Sunday, February 15, 2009

The Bees Knees...

Many, many years ago, I let slip to my family that I wanted to be a beekeeper.  At the time, I was reading Sylvia Plath; her poems are full of bees and beekeeping.  And the bee is a constant symbol for Emily Dickinson, another of my favorite poets.  Somehow, keeping bees (though I don't know how anyone can "keep" a bee) seemed romantic, and, besides, who would pass up all that honey?

That, of course, was before I did my research and discovered how much time and effort beekeeping requires.  Trust me...I have six books on bees and beekeeping, and I know I don't have the time to properly look after them.  But the notion is still one I harbor. I'm thinking about getting Mason bees to satisfy the urge.  These bees don't make honey; they live in paper tube condos instead of hives, require little attention, but are good pollinators for gardens.  And I need them for my gardens.

But, the damage has been done.  My sisters, who love to shop, have been giving me "bee" things--garden ornaments, birdhouses, bird feeders, candleholders.  This week, when I stopped to visit my mom, she gave me a bag from one of my sisters.  I'm now the proud owner of a bee chip-and-dip set!  The only thing I've contributed to this unplanned collection is a bee windsock that hangs in a tree in my backyard. 

Most of my "collections" were unplanned.  I have two shadowboxes of thimbles--my former mother-in-law started that.  I have masks--my aunt started that.  I have China cups and saucers and green teapots--I think I started those.  I bought most of my teapots in the flea market in the French Quarter over several years.  My friends scope out the China cabinet, and then I get these wonderful little gifts to add to my collections.

My biggest collection, as you might guess, consists of books.  I have more books than I can count; I still haven't unpacked all of them.  I don't have the bookcases for them, and, to accommodate them, I need built-in bookcases--floor-to-ceiling--in every room of my house.  Some of them are so old (before acid-free paper) that I'm afraid to open them because they might crumble into bits.  Some of them are irreplaceable--they've been out of print for ages.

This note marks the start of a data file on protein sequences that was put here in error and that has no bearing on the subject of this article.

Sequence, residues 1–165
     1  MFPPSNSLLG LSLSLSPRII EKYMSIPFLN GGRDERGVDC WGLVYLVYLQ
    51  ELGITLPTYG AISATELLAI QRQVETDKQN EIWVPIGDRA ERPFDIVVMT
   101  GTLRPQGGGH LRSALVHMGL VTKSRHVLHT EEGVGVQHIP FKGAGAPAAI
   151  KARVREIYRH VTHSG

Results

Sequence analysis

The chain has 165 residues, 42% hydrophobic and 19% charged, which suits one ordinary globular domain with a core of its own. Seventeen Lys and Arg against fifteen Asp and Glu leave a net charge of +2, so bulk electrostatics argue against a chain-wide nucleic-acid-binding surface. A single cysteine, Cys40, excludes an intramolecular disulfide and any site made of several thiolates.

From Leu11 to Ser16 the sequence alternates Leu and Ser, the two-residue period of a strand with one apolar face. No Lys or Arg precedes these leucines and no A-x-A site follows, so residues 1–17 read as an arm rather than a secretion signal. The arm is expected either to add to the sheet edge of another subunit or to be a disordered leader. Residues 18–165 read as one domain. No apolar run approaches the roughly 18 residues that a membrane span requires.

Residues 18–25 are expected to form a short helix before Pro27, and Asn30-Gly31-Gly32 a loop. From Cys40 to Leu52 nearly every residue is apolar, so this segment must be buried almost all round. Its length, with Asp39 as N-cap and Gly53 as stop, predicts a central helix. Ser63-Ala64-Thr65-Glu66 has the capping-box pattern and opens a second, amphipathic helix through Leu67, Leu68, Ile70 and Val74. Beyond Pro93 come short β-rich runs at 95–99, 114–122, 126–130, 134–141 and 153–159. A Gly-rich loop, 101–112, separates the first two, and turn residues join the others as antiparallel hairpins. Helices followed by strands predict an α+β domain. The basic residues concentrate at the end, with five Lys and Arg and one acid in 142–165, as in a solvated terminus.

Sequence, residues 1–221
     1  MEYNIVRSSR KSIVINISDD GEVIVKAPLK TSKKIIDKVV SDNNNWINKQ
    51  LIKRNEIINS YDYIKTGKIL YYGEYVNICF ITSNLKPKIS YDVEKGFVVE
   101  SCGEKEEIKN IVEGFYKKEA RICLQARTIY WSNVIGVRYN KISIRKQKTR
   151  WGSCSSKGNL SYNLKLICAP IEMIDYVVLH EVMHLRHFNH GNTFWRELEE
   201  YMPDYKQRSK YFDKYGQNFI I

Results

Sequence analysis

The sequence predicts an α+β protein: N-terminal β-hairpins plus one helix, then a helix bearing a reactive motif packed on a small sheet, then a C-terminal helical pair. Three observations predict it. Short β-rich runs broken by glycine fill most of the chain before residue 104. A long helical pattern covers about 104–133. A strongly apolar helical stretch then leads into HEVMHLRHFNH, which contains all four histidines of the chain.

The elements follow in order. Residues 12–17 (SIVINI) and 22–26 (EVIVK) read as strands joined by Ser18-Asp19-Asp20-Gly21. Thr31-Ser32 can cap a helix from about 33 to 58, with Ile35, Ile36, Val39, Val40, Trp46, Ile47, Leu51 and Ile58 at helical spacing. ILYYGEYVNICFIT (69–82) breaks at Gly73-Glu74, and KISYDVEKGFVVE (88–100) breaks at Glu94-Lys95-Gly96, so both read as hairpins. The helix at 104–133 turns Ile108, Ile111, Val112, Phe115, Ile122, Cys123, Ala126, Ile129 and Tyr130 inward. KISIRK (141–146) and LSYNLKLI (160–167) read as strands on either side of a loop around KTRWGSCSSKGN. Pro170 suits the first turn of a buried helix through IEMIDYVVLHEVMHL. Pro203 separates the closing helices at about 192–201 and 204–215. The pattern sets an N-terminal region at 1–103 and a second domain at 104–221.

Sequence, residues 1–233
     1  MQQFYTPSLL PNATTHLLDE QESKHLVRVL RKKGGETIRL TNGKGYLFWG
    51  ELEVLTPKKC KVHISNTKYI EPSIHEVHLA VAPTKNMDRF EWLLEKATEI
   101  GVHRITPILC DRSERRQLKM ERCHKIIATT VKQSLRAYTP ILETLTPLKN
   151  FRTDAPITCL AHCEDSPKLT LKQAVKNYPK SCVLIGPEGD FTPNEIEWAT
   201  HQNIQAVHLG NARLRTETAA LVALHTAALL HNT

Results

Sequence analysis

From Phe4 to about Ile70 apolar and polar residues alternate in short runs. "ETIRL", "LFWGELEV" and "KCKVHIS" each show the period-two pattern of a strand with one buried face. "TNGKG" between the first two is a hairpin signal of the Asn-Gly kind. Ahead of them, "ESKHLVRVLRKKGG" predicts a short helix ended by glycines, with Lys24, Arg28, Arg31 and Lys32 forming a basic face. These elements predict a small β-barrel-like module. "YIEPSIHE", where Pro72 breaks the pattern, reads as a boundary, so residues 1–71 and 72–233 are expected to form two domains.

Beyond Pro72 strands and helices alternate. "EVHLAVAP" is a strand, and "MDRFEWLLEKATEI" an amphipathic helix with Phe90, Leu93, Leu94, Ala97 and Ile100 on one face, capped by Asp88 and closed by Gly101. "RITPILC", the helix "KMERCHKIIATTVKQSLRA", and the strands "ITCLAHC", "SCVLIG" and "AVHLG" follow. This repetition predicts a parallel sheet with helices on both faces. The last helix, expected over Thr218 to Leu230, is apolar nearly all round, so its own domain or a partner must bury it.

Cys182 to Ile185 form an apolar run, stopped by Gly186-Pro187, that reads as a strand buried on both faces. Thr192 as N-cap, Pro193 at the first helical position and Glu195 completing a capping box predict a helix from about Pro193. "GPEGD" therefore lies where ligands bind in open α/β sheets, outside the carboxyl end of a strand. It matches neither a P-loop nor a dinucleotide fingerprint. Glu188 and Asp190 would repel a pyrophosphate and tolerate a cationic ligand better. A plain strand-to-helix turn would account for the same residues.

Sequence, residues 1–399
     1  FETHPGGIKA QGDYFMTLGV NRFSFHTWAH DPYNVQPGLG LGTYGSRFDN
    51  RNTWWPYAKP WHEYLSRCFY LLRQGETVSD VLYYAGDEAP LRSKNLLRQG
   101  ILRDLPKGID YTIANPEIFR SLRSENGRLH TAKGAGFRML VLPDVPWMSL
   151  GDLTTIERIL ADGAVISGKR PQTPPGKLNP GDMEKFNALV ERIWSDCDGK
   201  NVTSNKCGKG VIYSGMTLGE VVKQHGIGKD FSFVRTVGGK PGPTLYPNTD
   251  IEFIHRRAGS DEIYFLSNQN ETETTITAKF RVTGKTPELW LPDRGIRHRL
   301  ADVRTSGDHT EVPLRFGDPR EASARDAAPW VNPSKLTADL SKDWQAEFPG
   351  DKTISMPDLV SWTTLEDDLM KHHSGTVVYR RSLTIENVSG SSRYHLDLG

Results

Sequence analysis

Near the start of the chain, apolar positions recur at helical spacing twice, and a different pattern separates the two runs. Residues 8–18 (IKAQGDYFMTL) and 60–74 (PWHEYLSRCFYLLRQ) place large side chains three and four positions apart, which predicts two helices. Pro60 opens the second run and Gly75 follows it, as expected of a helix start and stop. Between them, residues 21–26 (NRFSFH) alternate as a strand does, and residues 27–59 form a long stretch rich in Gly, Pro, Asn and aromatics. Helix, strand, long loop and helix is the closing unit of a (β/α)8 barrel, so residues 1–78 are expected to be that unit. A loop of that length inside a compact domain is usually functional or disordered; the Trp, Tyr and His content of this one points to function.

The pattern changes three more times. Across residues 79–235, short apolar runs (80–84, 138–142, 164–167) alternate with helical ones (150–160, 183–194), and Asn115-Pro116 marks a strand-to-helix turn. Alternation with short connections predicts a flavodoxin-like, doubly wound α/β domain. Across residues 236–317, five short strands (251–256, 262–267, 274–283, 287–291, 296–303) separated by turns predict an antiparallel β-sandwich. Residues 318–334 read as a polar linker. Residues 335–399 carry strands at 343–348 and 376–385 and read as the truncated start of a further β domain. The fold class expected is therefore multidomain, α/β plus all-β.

I know--I can find nearly anything in print on the Internet.  But that doesn't quite equate.  I like the leisure of sitting in a comfy chair, reading a book.  The Internet is great for research, but, for pleasure, I'd rather engage in the physical act of turning the pages.

I wonder where this urge to collect comes from.  I don't take my things out of the China cabinet or the shadowboxes and admire them.  Really, I hardly think about these things until I have to pack them to move.  Then I wonder why I keep them at all.  What they  do, though, is evoke memories, so that, when I take them out and look at them, I remember who gave this to me and when.  They are the tangible evidence of my connection to people who are important to me. 

Saturday, February 07, 2009

That Crazy Little Thing Called "Love"...

You know (or maybe you don't), I'm a cynic when it comes to love. Most of the time, I think it's just raging hormones, or some kind of delusional hysteria that seizes people and makes them crazy for a while. Sooner or later, my cynical self thinks, it's going to wear off, and then there will be hell to pay.

But, when it works, it's great. My mom and dad have been married for 60 years. I don't know if that's because they love each other, or because they're stubborn. My dad won't divorce my mom because he doesn't want to split the assets; my mom won't divorce my dad because she wouldn't have anyone to torment. I don't know...They might really love each other. I hope they do. Otherwise, why live under the same roof?

I have many friends who have been married for a coon's age (a little southernism there!), but I also know people who have been divorced just as long. Take me, for example. I've been divorced longer than I was married. I liked being married, but I like being single, too.